I just finished reading this book this past weekend, and was checking to find information about the sequels (which shows that I liked it at least somewhat); I looked for them at the local library, but all of the many copies were checked out!
Many others have given a basic plot summary, so I won't bother. I liked many of the characters. Acorna in particular seemed rather young, naive, but with a huge heart that was willing to do whatever necessary to help those in need (even at the risk of her own life and well-being). This seems a lot like what I'd expect if a unicorn (at least one that fits several of our stereotypes about them) became a human being. I also liked the fact that many of the other characters seemed quite human, and the interesting point that the authors made that people may be neither good nor bad. For example, one of the main characters was an extremely rich old man who was extremely corrupt, but in a good way; i.e., he would bribe officials, pull whatever strings he had, etc., but all for the purpose of trying to save children from slavery.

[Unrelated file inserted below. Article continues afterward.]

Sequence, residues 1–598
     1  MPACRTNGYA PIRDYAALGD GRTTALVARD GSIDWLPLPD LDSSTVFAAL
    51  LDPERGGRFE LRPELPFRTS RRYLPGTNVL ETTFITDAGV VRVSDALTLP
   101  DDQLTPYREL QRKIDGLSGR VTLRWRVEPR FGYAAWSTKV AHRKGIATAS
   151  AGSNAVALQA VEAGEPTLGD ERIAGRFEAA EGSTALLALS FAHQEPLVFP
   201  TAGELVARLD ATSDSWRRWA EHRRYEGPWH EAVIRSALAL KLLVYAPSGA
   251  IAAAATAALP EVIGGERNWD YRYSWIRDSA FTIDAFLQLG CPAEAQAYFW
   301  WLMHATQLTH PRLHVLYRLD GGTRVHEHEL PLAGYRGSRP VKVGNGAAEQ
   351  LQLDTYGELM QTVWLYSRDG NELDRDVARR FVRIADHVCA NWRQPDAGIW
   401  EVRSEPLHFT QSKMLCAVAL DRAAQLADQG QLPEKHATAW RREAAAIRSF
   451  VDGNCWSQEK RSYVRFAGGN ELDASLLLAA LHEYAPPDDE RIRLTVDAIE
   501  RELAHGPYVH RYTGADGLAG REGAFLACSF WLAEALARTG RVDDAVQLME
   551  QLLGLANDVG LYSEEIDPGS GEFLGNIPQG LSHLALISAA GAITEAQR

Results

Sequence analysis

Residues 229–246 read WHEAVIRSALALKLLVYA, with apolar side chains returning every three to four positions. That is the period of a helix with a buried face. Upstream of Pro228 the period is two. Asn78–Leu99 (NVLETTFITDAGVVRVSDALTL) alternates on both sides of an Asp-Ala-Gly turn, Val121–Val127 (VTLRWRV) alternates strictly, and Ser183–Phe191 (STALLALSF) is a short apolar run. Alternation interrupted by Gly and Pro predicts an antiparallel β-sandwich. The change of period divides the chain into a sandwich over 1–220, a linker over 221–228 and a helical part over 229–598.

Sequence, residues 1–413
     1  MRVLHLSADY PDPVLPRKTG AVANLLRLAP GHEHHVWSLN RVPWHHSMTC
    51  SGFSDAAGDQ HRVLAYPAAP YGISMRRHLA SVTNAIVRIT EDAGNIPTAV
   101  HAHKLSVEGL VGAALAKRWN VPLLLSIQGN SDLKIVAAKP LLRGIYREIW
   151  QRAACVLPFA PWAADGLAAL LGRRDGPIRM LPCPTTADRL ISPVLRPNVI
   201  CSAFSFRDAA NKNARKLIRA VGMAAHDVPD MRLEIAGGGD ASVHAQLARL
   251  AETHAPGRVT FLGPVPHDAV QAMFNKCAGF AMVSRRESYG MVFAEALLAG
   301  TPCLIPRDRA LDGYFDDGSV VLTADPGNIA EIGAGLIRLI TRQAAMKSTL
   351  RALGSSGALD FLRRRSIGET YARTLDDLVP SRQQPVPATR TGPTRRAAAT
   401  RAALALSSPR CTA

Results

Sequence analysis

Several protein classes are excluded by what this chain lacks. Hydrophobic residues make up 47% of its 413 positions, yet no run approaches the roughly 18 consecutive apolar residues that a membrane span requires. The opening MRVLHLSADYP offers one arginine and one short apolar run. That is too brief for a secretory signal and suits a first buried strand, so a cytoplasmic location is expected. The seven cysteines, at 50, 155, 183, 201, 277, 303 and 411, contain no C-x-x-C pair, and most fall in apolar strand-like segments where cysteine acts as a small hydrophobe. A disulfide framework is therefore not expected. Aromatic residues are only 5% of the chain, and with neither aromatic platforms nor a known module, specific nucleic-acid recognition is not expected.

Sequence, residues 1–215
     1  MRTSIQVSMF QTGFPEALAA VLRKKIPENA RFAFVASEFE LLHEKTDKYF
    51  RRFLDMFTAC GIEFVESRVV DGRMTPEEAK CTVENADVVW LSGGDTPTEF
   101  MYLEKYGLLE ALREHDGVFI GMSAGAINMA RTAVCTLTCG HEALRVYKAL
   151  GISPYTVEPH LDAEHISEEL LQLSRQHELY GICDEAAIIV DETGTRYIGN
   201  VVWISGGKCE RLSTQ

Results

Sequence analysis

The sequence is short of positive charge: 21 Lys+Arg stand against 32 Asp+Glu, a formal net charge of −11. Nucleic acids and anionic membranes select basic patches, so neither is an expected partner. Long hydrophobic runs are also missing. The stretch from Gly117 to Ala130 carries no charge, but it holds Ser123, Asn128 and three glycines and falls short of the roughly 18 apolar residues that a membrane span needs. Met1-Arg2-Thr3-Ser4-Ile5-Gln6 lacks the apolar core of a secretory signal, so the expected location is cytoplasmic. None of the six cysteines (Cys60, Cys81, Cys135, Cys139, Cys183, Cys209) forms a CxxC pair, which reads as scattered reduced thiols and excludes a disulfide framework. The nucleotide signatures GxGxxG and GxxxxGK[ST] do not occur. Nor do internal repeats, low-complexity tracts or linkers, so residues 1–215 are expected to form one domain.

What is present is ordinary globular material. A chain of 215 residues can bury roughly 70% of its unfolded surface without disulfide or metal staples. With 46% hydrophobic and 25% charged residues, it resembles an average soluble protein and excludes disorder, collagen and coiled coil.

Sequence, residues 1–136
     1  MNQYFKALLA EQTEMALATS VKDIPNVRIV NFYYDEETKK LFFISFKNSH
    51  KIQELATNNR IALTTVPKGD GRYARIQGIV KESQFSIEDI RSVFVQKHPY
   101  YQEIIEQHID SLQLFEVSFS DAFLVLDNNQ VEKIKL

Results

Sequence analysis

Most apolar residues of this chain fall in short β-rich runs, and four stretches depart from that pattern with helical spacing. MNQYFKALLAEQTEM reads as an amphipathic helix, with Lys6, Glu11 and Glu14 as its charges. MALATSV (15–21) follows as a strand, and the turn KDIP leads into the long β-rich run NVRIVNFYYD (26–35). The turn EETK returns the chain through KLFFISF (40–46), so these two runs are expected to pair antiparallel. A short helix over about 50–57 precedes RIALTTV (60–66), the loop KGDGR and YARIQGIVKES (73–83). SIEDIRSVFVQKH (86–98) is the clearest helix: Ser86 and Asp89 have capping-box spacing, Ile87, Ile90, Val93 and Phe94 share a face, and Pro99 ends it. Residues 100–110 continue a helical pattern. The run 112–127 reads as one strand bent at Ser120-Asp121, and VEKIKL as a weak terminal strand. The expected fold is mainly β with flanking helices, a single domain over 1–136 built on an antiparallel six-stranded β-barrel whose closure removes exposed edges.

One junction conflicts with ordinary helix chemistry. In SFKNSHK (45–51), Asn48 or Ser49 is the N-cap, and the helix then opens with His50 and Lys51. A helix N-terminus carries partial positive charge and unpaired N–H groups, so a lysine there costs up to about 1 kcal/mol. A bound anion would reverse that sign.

On the other hand, the story was somewhat predictable, and seemed a bit too easy. I won't say what happened at the end, but even though the authors set it up well, I had the feeling that it had all been sewn up a bit too neatly. Besides this, some of the plot twists were almost too simplistic.
If you can make it beyond that, the end was the kind of ending that you really want to have with such a situation, and I have to admit that a part of me would have been disappointed had it turned out otherwise. One final saving grace is that the conclusion didn't sew up all the romantic situations; I get quite sick of books where everyone automatically and unexplainably end up with the right person after a few quick pages. So overall, I'd call this a decent book; not wonderful, but not a bad book, either.